Tuesdays with Dorie/Baking with Julia, and who gets to host? Steph, Spike, Jaime, and me! With the incredible response we've had to the baking group (over 300 blogs registered), I think it's pretty safe to say that this is my last shot at hosting. So did I feel pressure to make my Chocolate Truffle Tart spectacular? Well, a little bit. Mostly I had to remind myself to photograph the thing before we ate it.
The recipe (from contributing baker David Ogonowski) calls for six miniature tartlet pans, which I do not have. I should have made it over to HomeGoods, where I've had remarkable success finding miniature pans of all kinds, but I didn't. I decided to go with what I have, which is either a 10" fluted tart pan (too big!), an 8" fluted tart pan (just right?) or my 13x5" rectangular tart pan, which I love and always end up using anyway. Rectangular tart it is!
I made a full recipe of Chocolate Dough (recipe below), but my fuzzy mental math determined that a half-recipe of filling would do the trick for my pan. I realize that all this futzing and estimating is not good role modeling for our newest TWD bakers, but that's just how things go in my kitchen. (By the way, Kate who emailed me about converting the recipe to other size pans - let me know how it worked for you!)
After pressing the chocolate tart dough - remarkably similar to the one in Baking, and just as user-friendly - into the tart pan, I poured in my filling. I used roughly chopped amaretti cookies, which basically dissolved into the finished product. As you can see, the white chocolate chunks did not. The end result was a much like a long, thin, super-intense brownie - and a small piece was enough. I was actually crying uncle after a few bites. If you have a hardcore chocoholic in your life, this is what to make for them. If you're like me, wrap up half for the freezer and another day.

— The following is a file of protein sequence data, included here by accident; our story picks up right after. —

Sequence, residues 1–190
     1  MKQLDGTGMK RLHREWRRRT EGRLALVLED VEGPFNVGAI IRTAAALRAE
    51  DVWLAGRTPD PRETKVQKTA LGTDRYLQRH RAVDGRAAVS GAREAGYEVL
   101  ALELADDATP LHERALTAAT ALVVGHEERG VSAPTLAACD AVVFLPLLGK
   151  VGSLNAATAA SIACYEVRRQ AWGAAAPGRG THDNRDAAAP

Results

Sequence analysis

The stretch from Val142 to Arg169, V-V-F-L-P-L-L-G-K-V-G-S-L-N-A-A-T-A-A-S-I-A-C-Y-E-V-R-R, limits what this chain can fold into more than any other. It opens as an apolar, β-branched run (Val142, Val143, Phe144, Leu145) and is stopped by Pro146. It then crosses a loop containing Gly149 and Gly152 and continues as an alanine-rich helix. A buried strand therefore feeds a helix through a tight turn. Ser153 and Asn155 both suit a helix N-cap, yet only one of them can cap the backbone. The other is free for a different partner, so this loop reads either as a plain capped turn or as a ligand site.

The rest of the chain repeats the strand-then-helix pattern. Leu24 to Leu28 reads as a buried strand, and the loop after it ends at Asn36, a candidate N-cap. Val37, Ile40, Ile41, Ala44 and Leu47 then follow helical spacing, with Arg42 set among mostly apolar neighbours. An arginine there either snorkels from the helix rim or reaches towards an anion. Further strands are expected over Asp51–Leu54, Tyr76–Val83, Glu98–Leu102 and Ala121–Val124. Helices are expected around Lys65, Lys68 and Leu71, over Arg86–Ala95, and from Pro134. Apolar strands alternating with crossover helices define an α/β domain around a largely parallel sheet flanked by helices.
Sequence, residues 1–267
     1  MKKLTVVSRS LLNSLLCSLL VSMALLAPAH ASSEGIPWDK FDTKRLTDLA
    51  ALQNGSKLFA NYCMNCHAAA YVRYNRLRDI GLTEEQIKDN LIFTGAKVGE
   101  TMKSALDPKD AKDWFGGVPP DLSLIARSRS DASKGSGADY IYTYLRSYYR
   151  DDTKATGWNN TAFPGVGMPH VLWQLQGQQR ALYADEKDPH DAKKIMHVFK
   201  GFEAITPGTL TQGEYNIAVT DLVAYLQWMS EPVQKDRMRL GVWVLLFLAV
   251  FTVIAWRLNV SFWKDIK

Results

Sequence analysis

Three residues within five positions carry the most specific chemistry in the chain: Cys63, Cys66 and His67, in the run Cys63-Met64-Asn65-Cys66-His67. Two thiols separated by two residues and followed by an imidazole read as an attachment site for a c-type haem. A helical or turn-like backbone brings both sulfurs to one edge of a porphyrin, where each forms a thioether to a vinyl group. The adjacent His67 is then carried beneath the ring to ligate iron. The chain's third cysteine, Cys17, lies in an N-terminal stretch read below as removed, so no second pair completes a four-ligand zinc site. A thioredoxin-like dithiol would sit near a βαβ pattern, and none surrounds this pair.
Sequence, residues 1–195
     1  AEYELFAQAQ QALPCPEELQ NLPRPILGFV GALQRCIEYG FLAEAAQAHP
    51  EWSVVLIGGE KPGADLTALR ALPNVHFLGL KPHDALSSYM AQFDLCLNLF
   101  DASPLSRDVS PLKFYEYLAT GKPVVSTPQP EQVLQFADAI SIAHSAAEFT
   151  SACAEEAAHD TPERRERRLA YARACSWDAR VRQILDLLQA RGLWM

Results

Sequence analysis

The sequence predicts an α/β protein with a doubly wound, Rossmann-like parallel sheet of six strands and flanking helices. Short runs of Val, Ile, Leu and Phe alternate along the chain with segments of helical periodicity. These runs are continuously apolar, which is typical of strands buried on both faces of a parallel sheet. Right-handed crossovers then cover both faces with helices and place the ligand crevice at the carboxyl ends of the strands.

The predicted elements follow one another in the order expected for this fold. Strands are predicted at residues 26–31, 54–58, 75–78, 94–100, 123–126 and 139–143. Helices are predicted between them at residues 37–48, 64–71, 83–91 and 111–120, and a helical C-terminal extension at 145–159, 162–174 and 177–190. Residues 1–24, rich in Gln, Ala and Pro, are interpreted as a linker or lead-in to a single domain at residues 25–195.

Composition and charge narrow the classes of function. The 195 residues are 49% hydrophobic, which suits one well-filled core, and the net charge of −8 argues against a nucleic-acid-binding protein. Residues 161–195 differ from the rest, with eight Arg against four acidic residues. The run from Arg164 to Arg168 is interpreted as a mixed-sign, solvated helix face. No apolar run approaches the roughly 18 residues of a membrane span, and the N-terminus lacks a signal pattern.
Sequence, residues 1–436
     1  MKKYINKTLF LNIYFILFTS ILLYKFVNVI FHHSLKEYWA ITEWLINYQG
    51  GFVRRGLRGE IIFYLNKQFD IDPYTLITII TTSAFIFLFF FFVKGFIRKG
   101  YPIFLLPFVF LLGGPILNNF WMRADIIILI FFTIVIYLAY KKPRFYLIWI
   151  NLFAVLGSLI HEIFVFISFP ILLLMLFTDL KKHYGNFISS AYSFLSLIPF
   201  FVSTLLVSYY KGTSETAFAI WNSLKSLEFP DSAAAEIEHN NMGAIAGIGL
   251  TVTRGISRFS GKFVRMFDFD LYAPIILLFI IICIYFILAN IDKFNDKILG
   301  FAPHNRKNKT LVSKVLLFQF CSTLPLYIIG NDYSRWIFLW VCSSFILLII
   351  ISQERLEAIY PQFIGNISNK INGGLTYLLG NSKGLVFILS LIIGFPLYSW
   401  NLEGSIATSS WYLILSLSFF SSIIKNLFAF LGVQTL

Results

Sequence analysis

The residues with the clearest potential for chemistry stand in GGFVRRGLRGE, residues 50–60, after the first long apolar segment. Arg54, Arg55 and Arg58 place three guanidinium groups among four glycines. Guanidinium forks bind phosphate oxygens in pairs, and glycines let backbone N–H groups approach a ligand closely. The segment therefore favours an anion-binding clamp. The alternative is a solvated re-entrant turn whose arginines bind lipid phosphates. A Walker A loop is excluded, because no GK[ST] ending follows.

Thanks for baking along with us this week, and for joining me on the reboot of Tuesdays with Dorie. March will bring us Rugelach and Irish Soda Bread, so stay tuned.
Chocolate Truffle Tartlets
Recipe by David Ogonowski, from Baking with Julia by Dorie Greenspan
Makes 6 individual tartlets
1 recipe Chocolate Dough [see below], well chilled
5 tablespoons unsalted butter, cut into 10 pieces
6 ounces bittersweet chocolate, finely chopped
8 large egg yolks
1 teaspoon pure vanilla extract
1/4 cup sugar
2 ounces white chocolate, cut into small dice
2 ounces milk chocolate, cut into small dice
4 biscotti, homemade or store-bought (you can use amaretti di Saronno), chopped
Line a jelly-roll pan with parchment paper and keep at hand. Remove the bottoms from six 4 1/2-inch fluted tartlet pans (or use pans with permanent bottoms and just plan to pop the tartlets out once they're filled, baked, and cooled); spray the pans with vegetable oil spray or brush with melted butter.